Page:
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Afghanistan death adds to Utah's toll
They walk home from school each day, but no walk before had ever been like this one. Flags lined the street, each flapping gently in the breeze coming off the Great Salt Lake. The flags had been placed along the roadside in honor of their stepbrother.
Wednesday marked the first day back to school for Clearfield students Elliot and William Lehmiller after learning their older sibling, Michael, had been killed in Afghanistan.
The 23-year-old soldier's death comes amid a rise in insurgent-style attacks, more common in Iraq, targeting American troops in Afghanistan.
Sunday's attack, a roadside bombing that destroyed the Humvee in which the young sergeant was riding near Baylough, in southern Afghanistan, left three other U.S. soldiers' families in mourning as well.
Elliot, 10, and William, 11, may be too young to have a lot to say about the struggle in which their stepbrother was engaged when he died.
All they know, for now, is that Michael Lehmiller was fighting for something he believed in. And that makes him their hero.
On Wednesday, they learned they were not alone in that regard. Elliot arrived at school to find stacks of handmade cards, written by classmates, expressing condolence for his loss. Upon returning to his home, just south of the former military base now known as the Clearfield Freeport Center, he emptied the bag of cards before William. The duo read through each once -- and then again with their mother.
At the moment, there is little else to do. Though the family intends to bury Michael at Arlington National Cemetery, the Army has not yet given the Lehmiller family an indication of when the slain soldier's body will be returned to the United States.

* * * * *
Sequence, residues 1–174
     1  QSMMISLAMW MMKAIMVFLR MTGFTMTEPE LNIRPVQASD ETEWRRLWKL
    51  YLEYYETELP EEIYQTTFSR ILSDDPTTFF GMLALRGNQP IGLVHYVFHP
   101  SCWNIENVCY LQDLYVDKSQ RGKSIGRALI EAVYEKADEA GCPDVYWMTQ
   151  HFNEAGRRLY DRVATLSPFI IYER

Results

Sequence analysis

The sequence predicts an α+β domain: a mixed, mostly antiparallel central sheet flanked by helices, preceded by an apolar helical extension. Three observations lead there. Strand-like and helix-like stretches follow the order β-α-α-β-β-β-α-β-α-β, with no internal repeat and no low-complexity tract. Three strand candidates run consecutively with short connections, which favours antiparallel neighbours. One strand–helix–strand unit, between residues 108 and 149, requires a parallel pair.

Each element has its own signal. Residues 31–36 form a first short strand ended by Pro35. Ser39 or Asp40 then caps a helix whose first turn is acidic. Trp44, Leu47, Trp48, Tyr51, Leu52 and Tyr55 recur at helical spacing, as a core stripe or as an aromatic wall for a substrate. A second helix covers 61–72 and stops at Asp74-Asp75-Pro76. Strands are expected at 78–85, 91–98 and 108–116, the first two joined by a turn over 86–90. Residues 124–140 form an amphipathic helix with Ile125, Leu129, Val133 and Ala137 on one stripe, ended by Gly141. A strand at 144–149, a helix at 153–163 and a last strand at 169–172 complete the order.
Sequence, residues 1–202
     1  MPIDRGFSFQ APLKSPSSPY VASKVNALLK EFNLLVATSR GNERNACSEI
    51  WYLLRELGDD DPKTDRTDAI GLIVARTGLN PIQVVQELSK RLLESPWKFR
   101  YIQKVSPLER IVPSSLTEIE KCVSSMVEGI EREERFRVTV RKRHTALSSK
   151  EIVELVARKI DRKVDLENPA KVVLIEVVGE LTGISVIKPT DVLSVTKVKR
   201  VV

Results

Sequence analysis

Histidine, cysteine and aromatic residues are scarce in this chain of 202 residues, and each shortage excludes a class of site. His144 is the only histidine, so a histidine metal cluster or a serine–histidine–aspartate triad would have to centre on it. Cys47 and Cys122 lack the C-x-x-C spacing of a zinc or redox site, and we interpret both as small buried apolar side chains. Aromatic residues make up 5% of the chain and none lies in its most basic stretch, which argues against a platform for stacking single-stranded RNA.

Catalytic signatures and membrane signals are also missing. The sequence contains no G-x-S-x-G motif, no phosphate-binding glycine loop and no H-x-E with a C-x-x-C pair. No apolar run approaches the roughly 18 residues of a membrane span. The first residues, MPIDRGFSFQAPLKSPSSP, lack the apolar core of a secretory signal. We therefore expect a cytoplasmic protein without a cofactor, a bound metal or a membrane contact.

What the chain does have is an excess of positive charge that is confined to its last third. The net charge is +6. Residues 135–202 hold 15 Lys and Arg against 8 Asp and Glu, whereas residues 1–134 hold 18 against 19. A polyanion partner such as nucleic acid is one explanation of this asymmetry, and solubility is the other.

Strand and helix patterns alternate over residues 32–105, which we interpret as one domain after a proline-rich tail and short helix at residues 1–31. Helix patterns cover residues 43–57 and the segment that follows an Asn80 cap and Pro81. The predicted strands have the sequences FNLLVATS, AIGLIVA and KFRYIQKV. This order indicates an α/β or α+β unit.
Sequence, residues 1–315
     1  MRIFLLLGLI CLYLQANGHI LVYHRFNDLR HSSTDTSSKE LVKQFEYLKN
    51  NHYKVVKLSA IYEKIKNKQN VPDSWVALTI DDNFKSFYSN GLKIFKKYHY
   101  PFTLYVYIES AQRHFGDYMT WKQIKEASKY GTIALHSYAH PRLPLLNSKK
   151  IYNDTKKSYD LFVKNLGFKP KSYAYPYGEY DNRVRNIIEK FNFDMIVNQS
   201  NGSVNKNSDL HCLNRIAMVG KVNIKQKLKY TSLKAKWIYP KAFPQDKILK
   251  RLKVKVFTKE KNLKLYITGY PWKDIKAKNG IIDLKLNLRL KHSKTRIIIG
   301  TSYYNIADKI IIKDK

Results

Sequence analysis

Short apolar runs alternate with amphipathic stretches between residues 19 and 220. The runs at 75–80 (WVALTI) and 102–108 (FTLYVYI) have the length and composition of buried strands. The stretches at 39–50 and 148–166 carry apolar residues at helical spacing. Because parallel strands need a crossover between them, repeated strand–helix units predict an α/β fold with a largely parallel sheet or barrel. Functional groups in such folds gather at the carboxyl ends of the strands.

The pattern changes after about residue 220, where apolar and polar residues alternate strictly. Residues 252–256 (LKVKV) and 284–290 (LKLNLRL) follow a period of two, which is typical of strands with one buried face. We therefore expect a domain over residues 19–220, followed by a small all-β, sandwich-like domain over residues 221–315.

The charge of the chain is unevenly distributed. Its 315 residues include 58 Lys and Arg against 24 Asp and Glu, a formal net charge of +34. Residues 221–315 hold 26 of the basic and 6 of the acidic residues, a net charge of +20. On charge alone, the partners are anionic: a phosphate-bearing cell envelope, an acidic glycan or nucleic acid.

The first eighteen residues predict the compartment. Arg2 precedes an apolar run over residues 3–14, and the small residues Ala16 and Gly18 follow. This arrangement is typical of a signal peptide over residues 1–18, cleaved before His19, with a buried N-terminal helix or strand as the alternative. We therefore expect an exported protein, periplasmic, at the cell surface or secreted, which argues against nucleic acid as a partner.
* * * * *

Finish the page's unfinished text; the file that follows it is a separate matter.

"For now, we're all just trying to get back into some sort of routine," said Paula Lehmiller, the boys' mother and Michael's stepmother.
It was, in fact, routine that gave Michael Lehmiller's father, Robert Lehmiller, the first indication that his son may be dead. Each morning, the Clearfield man woke early to scan the television for news on the war in Afghanistan -- and Sunday morning, he saw a report on the four deaths. Hours later, the doorbell rang. Through the screen, Lehmiller could see two uniformed officers standing on his porch.
"I knew," he told Ogden's Standard-Examiner. "I knew that one of the four was my son."
The deaths bring to at least 16 the number of U.S. soldiers killed in the past 30 days in Afghanistan. At least nine of those soldiers were killed by improvised explosive devices, according to Defense Department records.
The use of roadside explosives and suicide car bombs had been relatively rare in Afghanistan in the first three years of U.S. action there, but has become more common recently, the records show.
The more frequent bombings have contributed to an increase in the number of U.S. casualties in Afghanistan, where 74 U.S. troops have died so far this year, a twofold increase over last year's count for the same period.
Lehmiller, who attended high school in Clearfield for about a year in the mid-1990s but lived with his mother in Florida and South Carolina for most of his life, is the first Utahn or former Utahn to be killed in Afghanistan since Staff Sgt. Allan Rogers died "of noncombat-related injuries" on Sept. 29, 2004, according to an unofficial count of war zone deaths kept by The Salt Lake Tribune. The Army says it is continuing to investigate Rogers' death.